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Friday's Campaign Round-Up, 3.12.21

Today's installment of campaign-related news items from across the country.


Today's installment of campaign-related news items from across the country.

* Several Democratic members of New York's congressional delegation this morning called on Gov. Andrew Cuomo (D) to resign. House Judiciary Committee Chairman Jerry Nadler is now among the 11 House Dems from New York urging the governor to step down.

* State legislators in New York yesterday opened an impeachment inquiry into Cuomo. There's a Democratic majority in Albany, though there's no reason to think that will help the governor.

* Rep. Ann Kirkpatrick (D-Ariz.) is retiring after a decade on Capitol Hill. She currently represents Arizona's most competitive congressional district, though the state's Republican-led state government will soon redraw district boundaries.

* The Democratic National Committee this morning released a new minute-long ad touting the party's COVID relief package. It's part of "a sweeping effort" from Democrats to sell the plan, and remind the public that zero Republicans voted for it.

* On the heels of Donald Trump sending a cease-and-desist letter to the National Republican Senatorial Committee, NRSC Chair Rick Scott (R-Fla.) met with the former president at Mar-a-Lago yesterday, reportedly to help smooth things over.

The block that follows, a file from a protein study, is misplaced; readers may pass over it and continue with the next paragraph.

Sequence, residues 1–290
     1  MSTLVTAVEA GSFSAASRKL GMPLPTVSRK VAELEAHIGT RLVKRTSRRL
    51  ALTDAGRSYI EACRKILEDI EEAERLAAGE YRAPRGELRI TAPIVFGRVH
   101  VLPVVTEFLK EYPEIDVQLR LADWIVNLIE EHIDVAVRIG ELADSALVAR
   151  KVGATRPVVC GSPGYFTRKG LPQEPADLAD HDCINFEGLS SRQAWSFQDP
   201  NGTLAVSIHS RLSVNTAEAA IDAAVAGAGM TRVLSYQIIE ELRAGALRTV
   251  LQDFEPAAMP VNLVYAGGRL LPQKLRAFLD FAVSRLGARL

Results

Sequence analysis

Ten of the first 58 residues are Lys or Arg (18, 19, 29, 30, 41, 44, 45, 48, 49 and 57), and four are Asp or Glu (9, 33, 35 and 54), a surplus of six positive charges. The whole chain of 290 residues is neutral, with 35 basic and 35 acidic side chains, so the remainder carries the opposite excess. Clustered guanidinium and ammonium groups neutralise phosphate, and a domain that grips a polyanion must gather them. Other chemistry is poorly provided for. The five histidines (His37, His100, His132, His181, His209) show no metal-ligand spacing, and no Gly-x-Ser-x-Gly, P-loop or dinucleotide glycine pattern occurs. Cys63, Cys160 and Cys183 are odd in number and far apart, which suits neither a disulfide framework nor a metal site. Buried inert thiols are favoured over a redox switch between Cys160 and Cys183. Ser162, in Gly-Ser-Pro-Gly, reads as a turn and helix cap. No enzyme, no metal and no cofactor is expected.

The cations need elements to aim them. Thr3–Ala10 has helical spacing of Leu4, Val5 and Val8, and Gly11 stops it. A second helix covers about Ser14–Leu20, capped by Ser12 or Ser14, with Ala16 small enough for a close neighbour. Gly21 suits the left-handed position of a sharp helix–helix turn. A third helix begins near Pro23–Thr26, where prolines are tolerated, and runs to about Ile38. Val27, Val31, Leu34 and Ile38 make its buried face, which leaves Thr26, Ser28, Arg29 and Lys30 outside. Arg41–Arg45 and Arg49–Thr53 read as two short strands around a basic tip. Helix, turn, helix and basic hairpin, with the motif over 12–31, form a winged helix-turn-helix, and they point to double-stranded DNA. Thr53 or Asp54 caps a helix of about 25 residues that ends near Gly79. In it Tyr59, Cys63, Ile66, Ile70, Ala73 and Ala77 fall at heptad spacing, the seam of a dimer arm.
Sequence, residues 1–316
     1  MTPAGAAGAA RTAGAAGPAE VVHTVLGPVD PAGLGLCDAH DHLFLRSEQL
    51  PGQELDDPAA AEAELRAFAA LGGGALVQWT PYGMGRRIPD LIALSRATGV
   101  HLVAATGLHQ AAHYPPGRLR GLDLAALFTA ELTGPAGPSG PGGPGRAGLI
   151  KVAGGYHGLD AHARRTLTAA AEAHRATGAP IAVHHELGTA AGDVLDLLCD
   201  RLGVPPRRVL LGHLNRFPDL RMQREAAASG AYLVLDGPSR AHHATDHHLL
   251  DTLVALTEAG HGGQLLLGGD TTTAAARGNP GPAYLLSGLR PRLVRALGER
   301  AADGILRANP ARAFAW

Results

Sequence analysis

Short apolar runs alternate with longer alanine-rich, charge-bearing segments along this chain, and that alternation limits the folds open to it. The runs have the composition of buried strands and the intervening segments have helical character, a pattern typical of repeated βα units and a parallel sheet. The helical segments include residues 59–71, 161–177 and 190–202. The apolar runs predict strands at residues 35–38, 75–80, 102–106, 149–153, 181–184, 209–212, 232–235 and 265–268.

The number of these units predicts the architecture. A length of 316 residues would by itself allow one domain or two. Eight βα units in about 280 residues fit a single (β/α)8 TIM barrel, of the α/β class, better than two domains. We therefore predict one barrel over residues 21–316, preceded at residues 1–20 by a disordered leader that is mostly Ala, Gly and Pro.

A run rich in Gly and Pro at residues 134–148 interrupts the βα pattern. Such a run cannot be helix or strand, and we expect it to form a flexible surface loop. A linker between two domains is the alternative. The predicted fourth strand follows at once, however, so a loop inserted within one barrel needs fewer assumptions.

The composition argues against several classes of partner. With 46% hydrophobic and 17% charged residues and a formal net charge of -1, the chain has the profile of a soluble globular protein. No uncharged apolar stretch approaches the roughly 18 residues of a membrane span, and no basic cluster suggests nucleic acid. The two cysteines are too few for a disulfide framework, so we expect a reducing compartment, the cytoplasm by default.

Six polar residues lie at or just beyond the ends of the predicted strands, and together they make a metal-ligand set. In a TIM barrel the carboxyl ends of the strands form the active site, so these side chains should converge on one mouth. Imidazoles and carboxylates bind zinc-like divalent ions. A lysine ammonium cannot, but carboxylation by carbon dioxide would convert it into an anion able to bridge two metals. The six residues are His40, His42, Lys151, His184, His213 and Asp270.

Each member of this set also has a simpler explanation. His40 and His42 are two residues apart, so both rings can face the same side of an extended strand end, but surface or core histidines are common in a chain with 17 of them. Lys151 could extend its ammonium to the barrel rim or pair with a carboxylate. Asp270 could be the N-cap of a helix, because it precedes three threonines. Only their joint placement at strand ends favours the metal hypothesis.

* In New Hampshire, it's not yet clear if Gov. Chris Sununu (R) will run for the Senate next year, but a new Saint Anselm College poll shows him leading incumbent Sen. Maggie Hassan (D) in a hypothetical match up, 47% to 41%. It's a contest that may very well dictate which party controls the Senate in 2023 and 2024.

* Sen. Chuck Grassley (R-Iowa) reportedly kicked off a fundraising drive this week in support of his re-election campaign next year. The Iowa Republican will be 89 years old on Election Day 2022.

* That's quite a sentence: "The GOP's national push to enact hundreds of new election restrictions could strain every available method of voting for tens of millions of Americans, potentially amounting to the most sweeping contraction of ballot access in the United States since the end of Reconstruction, when Southern states curtailed the voting rights of formerly enslaved Black men, a Washington Post analysis has found."